LEE MAN FONG (Indonesia 1913-1988)
LEE MAN FONG (Indonesia 1913-1988)

Twin horses

Details
LEE MAN FONG (Indonesia 1913-1988)
Twin horses
signed and dated 'Man Fong, 1949' (centre left)
oil on board
14½ x 34¾ in. (37 x 88 cm.)

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Lot Essay

Lee Man Fong stands out brilliantly amongst his peers as the artist whose work hovers back and forth between the Western and Eastern aesthetics. Classically trained in Chinese ink tradition and having completed a painting course in the Netherlands where the artist was exposed and came to embrace the dark and fluid palette of the Dutch Impressionists, Lee Man Fong is undoubtedly well versed in the two aesthetics and by the late 1940s has developed a vernacular of his own of which he is distinctively recognised.

The choice of the subject for Twin horses demonstrates the artist's penchant for the animal but it also coincides with the favourite subject of Xu Bei Hong (1895-1953), a renowned Chinese artist who is celebrated for his innovative blend of East and West in his oil works and an individual much admired by Lee Man Fong. The imagery repertoire of the animal is extensive, from Xu's airy and poetic depictions to the ever elegantly poised horses of Giuseppe Castiglione (1688-1766), Lee Man Fong draws from a expansive resource which renders his much studied subject a sense of theatricality, subdued only by the artist profound understanding of the subject in reality and hence making them believable.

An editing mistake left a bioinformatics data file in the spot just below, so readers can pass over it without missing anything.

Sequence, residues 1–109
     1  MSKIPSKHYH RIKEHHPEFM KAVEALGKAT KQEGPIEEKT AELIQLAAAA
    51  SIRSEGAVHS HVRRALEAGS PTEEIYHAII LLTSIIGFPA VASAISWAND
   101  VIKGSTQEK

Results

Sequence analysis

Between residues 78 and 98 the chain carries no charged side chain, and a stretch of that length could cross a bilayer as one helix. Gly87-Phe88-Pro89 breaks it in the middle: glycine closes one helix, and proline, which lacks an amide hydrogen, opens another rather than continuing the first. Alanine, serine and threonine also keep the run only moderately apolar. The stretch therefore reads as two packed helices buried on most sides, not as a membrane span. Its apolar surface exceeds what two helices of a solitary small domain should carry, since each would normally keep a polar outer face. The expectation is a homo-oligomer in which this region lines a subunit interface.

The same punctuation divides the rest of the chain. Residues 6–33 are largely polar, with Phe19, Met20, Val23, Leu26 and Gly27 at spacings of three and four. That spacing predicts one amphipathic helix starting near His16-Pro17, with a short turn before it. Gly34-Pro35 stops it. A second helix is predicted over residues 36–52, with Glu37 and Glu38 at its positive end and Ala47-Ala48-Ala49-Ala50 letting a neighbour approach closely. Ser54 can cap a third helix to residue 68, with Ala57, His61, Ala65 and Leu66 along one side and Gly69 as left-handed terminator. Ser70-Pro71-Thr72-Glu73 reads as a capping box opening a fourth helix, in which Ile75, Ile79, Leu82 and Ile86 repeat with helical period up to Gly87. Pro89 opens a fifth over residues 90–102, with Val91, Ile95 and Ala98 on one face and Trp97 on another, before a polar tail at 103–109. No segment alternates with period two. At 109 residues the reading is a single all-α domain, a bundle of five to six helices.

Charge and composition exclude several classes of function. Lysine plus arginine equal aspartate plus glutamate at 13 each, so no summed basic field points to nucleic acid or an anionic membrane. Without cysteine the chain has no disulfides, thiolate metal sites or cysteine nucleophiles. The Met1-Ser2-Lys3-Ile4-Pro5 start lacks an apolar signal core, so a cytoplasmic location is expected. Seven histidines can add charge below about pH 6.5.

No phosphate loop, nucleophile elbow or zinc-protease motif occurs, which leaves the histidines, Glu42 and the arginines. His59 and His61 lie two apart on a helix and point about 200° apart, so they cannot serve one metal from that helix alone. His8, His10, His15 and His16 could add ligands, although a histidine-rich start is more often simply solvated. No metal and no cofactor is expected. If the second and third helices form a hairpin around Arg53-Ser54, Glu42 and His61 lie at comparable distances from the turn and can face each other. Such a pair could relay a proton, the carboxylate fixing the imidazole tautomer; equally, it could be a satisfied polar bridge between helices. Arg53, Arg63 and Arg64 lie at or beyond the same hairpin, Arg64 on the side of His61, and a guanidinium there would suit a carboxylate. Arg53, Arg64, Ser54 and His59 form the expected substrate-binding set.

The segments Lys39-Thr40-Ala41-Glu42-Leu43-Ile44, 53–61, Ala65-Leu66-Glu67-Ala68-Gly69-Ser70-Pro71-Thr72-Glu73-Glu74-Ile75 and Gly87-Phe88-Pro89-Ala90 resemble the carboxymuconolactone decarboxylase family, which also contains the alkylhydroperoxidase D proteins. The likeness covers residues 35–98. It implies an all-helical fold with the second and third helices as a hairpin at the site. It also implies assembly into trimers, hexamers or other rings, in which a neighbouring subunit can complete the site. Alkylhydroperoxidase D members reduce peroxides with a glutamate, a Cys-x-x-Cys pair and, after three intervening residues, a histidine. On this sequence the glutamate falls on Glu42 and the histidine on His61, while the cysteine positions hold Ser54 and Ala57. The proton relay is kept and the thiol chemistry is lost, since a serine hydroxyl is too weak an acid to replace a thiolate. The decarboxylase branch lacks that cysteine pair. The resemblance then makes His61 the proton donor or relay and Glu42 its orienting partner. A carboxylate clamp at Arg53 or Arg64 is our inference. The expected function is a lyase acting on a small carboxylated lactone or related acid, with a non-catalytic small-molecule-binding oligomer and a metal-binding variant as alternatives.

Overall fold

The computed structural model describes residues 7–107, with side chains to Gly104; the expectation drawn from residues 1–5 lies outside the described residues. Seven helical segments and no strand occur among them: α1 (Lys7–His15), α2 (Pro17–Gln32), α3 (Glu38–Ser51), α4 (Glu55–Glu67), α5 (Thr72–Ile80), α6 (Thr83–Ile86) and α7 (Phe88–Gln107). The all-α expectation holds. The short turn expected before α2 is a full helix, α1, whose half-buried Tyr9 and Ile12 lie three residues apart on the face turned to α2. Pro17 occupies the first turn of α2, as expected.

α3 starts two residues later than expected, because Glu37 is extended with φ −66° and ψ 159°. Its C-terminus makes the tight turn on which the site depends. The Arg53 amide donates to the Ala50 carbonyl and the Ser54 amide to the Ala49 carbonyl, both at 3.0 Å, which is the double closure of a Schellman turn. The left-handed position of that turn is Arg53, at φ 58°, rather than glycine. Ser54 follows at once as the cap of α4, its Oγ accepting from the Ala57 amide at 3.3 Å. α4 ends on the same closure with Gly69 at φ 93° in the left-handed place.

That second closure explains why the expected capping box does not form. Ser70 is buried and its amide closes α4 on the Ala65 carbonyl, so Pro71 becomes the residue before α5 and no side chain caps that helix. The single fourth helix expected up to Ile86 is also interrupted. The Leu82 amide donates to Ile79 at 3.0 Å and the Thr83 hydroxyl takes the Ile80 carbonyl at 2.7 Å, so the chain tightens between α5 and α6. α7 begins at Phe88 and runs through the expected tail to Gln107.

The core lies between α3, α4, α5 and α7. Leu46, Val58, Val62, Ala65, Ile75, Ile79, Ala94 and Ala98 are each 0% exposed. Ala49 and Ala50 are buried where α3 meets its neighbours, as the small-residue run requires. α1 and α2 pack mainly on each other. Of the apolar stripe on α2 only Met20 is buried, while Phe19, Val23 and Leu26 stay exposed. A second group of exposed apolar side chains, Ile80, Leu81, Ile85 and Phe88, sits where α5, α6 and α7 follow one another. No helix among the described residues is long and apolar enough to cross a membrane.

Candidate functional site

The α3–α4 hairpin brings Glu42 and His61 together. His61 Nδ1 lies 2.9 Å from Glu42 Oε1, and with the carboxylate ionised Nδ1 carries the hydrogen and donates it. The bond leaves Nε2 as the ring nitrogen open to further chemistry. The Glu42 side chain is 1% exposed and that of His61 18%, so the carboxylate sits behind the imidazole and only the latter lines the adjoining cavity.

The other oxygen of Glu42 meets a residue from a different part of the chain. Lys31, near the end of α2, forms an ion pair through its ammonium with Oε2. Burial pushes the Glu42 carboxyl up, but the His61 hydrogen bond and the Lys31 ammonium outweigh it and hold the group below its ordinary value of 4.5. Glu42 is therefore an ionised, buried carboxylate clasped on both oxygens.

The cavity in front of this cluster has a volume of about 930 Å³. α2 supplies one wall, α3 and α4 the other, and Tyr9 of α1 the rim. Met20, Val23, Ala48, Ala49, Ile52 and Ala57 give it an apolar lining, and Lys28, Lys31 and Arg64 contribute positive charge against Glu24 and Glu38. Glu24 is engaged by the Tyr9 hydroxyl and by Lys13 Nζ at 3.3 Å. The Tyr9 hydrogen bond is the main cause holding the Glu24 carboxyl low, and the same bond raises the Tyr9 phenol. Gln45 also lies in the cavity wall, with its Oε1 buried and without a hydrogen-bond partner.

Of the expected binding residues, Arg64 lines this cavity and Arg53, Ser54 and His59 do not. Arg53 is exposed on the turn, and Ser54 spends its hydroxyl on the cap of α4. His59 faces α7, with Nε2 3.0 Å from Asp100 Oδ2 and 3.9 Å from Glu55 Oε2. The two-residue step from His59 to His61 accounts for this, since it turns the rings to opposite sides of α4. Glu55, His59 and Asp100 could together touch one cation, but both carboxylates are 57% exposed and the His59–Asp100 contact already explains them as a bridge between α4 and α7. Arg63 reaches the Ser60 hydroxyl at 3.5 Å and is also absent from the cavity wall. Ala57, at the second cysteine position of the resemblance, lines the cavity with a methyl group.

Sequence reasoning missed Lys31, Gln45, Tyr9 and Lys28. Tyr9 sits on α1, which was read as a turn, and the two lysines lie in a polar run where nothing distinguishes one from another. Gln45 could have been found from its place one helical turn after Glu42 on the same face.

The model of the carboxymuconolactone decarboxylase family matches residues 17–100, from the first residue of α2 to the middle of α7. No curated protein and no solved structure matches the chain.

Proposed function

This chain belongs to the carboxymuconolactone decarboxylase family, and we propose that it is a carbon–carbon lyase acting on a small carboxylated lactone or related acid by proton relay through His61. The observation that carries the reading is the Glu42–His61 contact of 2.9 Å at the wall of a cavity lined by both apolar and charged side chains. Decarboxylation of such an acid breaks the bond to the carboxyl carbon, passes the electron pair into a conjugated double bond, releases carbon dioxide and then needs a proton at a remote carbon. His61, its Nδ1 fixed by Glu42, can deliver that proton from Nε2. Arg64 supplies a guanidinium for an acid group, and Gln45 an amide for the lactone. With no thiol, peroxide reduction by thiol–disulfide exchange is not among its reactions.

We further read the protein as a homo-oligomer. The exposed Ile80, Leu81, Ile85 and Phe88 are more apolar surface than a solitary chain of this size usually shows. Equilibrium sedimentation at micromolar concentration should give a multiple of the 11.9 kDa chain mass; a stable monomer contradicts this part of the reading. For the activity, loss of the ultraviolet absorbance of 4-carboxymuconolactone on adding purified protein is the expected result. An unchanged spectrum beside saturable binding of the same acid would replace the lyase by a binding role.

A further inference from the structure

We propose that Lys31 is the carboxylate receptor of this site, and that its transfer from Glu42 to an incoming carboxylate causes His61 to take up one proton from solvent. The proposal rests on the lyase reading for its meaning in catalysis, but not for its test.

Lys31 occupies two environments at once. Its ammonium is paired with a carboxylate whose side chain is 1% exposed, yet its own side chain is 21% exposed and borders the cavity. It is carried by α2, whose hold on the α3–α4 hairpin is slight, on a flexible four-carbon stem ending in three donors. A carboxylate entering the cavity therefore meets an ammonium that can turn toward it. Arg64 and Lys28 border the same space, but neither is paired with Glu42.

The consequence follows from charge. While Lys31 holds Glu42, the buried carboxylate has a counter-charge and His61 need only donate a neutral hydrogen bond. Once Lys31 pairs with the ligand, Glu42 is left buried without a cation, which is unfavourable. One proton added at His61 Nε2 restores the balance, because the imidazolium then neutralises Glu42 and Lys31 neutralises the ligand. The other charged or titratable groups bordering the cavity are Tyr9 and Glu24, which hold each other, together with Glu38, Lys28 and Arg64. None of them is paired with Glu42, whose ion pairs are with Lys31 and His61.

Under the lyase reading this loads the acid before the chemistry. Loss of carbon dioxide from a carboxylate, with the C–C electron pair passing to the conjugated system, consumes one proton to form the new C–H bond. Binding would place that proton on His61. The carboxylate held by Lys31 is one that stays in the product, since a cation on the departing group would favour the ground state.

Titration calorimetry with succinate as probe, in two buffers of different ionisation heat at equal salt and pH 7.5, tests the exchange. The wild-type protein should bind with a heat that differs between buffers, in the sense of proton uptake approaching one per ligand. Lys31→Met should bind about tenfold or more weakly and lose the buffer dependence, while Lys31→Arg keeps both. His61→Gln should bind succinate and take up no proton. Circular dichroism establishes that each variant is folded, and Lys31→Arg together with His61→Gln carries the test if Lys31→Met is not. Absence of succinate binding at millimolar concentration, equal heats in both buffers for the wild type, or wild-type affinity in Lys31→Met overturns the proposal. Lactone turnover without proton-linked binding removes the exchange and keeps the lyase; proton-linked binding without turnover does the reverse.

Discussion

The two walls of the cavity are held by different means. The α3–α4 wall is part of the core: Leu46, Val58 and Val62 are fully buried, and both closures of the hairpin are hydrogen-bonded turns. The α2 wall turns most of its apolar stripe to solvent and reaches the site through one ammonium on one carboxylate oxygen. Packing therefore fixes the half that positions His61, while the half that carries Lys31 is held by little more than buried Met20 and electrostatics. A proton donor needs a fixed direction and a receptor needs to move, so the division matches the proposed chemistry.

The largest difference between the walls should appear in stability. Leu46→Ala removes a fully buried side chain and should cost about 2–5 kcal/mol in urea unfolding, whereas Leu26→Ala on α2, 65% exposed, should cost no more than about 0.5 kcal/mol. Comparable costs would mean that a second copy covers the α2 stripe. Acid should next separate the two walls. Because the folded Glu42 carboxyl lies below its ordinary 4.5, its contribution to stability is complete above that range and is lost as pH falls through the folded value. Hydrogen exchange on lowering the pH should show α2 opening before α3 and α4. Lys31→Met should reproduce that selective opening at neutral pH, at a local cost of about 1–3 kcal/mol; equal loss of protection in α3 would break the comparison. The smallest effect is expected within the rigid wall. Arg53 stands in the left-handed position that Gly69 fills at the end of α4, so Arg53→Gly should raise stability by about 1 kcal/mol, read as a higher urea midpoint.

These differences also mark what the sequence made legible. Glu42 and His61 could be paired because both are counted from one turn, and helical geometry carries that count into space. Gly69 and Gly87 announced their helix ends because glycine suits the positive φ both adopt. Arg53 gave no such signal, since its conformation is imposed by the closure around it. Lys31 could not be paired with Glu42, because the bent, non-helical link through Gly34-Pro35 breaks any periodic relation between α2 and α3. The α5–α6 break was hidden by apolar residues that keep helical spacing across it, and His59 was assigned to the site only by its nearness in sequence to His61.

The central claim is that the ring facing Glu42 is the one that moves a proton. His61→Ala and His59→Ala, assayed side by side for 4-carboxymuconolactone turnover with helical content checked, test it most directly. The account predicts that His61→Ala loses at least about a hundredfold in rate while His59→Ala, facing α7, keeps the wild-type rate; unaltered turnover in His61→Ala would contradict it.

Twin horses reveals links to the airy and lyrical brush of the Chinese ink masters with whom the subject is always alluded to and not realistically depicted. Comparing Twin horses with another work by the artist of the same subject Family of horses (Christie's Hong Kong, 24 May 2009, lot 76) in which the artist uses a heavier and darker palette greatly influenced by the Dutch masters and reveals the artist's mastery of the perspectives and his exquisite maneuver of light and shade in the composition demonstrates the versatility of Lee Man Fong. Indeed the interplay of stylistic polarities in the two works testifies to the artist's ability to transform and adept to different styles, and thereby to rise above the banal categories that ensnared less powerful artists.


In sum, no brief or simplistic account can properly circumscribe the rich and varied complexity of these paintings of horses, these horses certainly do not carry a message with a lofty content or ideal but they definitely are highly characteristic of Lee Man Fong's adherence to a brand of aesthetics that is fluid and coherent, switching from distinctively western to eastern or incorporating seamlessly, elements of both worlds.

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